I kinda wish you would have left your comments out about his affluence. Yes, that may have played a roll in his ultimate decision but that is just your opinion as you were upset with what he did with those machines. You let your emotions get to you. The jest of this story should have been to inform and teach us readers, as well as your former friend, that older machines like the Dell 6500 can be easily transformed into a great Linux based computer that will eventually go to a needy family. But now, you have played the “spoiled rich kid” card and your story, IMO, took away from a great opportunity to teach but instead you took a cheap shot at a person’s character.

  • Uncle Ed

    I’m sorry about the computers and sorrier about your friendship. But I hear the same thing here at home–“xxx because my computer is so old.” (It’s always that it locked up and the last humpty-dillion times it has been because some combination of keys will blackout the monitor. Explaining that a black monitor isn’t a lockup is–never mind. Some of you guys are married.)

    Your former friend misses out that you could pass out computers like that if you could get them, either as donations or because Reglue was swimming in cash. That would be the easy answer, if you were still speaking.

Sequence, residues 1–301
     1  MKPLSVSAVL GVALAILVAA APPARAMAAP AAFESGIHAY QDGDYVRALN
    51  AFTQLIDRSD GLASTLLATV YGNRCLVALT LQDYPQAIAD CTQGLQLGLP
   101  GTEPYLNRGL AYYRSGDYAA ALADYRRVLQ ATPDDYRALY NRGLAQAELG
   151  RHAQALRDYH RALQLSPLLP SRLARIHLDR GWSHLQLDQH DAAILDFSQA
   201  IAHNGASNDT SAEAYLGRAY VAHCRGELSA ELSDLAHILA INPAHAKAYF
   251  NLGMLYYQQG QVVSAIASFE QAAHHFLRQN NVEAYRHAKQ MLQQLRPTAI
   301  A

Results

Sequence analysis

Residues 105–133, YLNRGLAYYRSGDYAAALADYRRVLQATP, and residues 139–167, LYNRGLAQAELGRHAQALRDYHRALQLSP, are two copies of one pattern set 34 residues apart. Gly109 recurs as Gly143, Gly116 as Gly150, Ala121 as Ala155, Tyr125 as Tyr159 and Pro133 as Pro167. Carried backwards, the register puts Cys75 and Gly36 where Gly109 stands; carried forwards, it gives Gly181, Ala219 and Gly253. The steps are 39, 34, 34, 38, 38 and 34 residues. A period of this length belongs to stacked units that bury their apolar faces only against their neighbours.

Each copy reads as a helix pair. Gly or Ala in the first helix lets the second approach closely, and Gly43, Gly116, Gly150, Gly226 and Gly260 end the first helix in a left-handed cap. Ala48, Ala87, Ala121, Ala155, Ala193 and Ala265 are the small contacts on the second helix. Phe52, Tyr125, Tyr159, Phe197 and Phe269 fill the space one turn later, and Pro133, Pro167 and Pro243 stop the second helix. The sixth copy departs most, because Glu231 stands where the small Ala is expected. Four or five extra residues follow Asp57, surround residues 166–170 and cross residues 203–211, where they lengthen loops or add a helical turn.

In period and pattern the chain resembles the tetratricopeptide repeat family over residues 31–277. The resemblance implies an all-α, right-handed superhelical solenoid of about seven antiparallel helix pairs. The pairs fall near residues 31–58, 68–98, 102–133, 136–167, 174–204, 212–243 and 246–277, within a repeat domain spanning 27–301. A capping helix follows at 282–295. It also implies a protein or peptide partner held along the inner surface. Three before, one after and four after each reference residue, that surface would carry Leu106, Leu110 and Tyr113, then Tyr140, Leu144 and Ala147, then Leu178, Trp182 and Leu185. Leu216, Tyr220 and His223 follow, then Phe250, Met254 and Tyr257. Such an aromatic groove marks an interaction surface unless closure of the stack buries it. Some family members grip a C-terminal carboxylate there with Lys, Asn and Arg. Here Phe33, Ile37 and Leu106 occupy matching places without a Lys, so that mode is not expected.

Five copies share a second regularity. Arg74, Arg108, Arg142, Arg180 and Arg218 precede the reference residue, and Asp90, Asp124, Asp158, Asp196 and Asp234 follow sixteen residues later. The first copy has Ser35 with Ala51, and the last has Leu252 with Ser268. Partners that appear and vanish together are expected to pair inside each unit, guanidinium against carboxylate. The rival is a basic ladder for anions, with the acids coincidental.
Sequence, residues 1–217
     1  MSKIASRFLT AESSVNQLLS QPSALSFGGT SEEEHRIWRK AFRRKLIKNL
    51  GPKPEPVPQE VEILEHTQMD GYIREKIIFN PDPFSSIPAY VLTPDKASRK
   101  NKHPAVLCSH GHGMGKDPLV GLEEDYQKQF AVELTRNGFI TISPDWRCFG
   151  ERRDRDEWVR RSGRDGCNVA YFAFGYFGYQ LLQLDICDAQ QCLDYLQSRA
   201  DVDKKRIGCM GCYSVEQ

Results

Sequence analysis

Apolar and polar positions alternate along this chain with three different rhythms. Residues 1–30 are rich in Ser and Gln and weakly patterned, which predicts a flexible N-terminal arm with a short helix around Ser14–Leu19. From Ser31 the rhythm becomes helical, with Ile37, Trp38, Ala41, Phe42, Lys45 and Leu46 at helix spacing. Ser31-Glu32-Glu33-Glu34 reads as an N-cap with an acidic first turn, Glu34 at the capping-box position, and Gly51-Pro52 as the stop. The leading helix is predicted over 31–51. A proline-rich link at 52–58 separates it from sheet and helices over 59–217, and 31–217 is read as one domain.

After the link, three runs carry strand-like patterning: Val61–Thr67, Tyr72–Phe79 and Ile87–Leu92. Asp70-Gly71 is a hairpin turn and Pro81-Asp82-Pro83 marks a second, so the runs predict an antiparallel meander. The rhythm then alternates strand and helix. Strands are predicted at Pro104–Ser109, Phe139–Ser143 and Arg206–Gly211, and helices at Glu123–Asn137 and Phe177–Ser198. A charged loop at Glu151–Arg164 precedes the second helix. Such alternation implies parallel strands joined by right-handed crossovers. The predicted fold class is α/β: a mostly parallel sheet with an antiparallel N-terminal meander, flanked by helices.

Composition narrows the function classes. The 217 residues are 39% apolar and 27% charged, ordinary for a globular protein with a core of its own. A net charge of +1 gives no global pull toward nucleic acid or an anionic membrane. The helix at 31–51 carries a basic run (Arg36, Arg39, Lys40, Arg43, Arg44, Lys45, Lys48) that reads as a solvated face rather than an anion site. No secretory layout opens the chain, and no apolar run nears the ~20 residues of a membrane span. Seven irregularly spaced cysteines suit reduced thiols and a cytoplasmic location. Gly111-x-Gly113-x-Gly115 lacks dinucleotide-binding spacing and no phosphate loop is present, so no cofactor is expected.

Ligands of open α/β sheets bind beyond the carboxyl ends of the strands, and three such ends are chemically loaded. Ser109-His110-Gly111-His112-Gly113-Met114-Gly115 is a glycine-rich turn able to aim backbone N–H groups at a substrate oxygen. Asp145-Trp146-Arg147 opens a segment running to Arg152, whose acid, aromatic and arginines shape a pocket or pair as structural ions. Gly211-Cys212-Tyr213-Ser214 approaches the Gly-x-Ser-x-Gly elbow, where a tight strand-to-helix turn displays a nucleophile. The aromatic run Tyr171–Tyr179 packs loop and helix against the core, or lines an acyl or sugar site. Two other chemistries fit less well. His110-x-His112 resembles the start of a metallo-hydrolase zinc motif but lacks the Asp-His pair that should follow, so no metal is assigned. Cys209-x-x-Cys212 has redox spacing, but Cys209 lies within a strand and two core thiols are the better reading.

One of the factors you probably wouldn’t throw into the argument is that you’ll have a track record on computers that are a few years old and know which ones will stand up to usage. (Said too many times–I got my wife’s computer as a perk from Reglue and was setting it up for myself. She “acquisitioned” it as a loaner when her W7 laptop bit the big one and it just never has come back. I went to eBay and bought an identical one for myself. What do I do that needs more power than this thing?) I hope you get some more of these to give out, as they’re certainly working for us, despite the lack of shiny-shiny.

    Back when I was in high school the snappy comeback was, “If it won’t run, chrome it.” Do you suppose if I put chrome strips and maybe some stickers on her monitor and gave her a new mouse, she would think it was ummmm…

  • NoDough

    So, I’m sitting here reading this and I think, “Wait a minute!”, look down at my laptop and read “LATITUDE E6510”.

    I have two drives for it. One with the Windows 7 that it originally shipped with, and one with Linux Mint.

    I booted Windows 7 this week for the first time in several months. It was more than a day of updating and waiting before it was usable. And then, it was only barely usable after waiting around 10 minutes for it to finish booting and loading background processes.

    Happily switched back to my Linux drive yesterday. Booted and ready to rock in less than 30 seconds.

    Yeah, I can see why Mr. Corporate thought they were junk.

  • Tom

    My home laptops are t61p dual core with mint, upgraded to 8gb RAM. My 9 yr old daughter happily uses YouTube on a t60 with 1.8 GHz & 4gb RAM. Linux mint plus Google chrome so she can use Google docs.

    It’s amazing what crafts she learns on YouTube. It’s way more than I had for my engineering degree.

  • Ken, from your brief description, it sounded like you sorta got mad when he told you… and he switched into defensive mode. I think with some effort you could repair this… and maybe work together in the future. I would also lay off comments that suggest “affluence” as those don’t seem to be productive.